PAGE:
Arthritis: The Impact on Daily Life - YouGov report - NRAS

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Arthritis: The Impact on Daily Life - YouGov report

MissMinto
MissMinto

Arthritis Action have just released the report: arthritisaction.org.uk/wp-c...

"The report examined the day-to-day impact of arthritis on 2,074 people of working age in Great Britain, and focused on mental health, life satisfaction, and work-related impacts.

It reveals that people living with arthritis report lower life satisfaction than the overall UK national average. It also highlights the benefits of implementing self-management strategies, with 2 in 3 respondents saying that self-management has been helpful to them."

Happy reading folks!

16 Replies
Hidden
Hidden

Interesting cheers but why are they again conflating rheumatoid with osteo, two different things and therefore not comparable I think: AI disease and numbers and ages of people affected for instance. Probably to do with money I suspect 😉x

MissMinto
MissMinto in reply to Hidden

The inability to distinguish between RA and OA drives me nuts. Whoever is the editor of The Daily Express really doesn't get it - virtually every week they have a 'new cure for arthritis' front page which is nearly always about osteoarthritis.

Hidden
Hidden in reply to MissMinto

My dad’s daily mail’s the same; he doesn’t get it either 😬 x

They’re always on about the millions with arthritis in UK when actually only @ 400,000 of us & it worries me it will impact on spending on RD as they love to lump us all together.

Thanks for this. I've only skimmed it , but am saddened by osteoarthritis and RD being conflated again.

However some interesting information that I'll read more fully.

AgedCrone
AgedCrone in reply to Mmrr

UGov carries out these surveys on line...don't know if this is one of those...but the answers are so predictable methinks we could have told them the answers without a poll! Even a 10 year old could work out if you are in pain .....life is worse than if you are not.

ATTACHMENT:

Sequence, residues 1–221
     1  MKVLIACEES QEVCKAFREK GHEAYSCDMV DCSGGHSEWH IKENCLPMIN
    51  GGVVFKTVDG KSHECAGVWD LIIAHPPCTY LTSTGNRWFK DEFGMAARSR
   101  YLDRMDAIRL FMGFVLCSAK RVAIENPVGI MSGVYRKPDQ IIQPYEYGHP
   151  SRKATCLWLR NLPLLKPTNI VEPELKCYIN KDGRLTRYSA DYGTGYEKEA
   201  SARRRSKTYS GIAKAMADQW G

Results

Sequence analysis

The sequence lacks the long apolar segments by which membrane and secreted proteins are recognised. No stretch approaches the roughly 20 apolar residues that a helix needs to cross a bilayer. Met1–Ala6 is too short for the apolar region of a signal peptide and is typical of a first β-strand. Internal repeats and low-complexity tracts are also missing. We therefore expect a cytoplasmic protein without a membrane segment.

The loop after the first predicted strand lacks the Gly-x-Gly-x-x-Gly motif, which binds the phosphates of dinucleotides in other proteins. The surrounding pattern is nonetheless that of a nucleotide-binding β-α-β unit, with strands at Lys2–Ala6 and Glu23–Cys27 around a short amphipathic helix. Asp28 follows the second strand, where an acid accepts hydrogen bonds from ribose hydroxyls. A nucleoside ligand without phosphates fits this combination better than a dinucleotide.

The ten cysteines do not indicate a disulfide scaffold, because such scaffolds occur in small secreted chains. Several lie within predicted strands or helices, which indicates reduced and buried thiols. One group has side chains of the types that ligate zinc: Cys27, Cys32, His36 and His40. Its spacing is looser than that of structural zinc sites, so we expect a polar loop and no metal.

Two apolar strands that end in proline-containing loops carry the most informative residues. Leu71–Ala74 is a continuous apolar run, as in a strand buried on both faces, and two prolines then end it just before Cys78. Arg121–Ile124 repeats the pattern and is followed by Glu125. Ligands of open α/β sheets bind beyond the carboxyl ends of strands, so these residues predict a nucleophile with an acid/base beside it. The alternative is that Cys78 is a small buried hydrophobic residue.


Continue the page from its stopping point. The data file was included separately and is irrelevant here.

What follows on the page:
Of course 64+ age group have a different outlook to both diseases to 24+.....it seems to me the conclusion still doesn't understand being diagnosed with a life long incurable disease at 24 is night & day to 64! Not less devastating but different.

That isn't only applicable to RA or OA...it's a general fact of life...always was & always will be.

The Q's on here could have been asked 20 years ago & got the same answers. I don't know what the questions should be...but a poll asking those with RA & OA how they cope, to be publicised separately would be a start.

Joe Public will still not "get" the enormous difference between the two types of Arthritis ...even if they get past Page 2...... I certainly wouldn't have ploughed through all the numbers out of general interest.

It's just so frustrating that those who are supposed to be leading the way to make a difference, still insist on calling everything "arthritis".

Hidden
Hidden

Thanks fr posting this. Reading it I thought it quite bizarre! They are completely different processes, with different symptoms, treatments (none really for OA and the big guns for RA) with different outcomes, Still shaking my head and wondering whether there is any value in the survey. I fancy not. It would , I hope, never have passed as a proposal for serious research. Probably all people with long term health conditions would appreciate some self management support.

AgedCrone
AgedCrone in reply to Hidden

Being charitable.......It's very 'disappointing' isn't it.

You are right - it's number crunching...not research.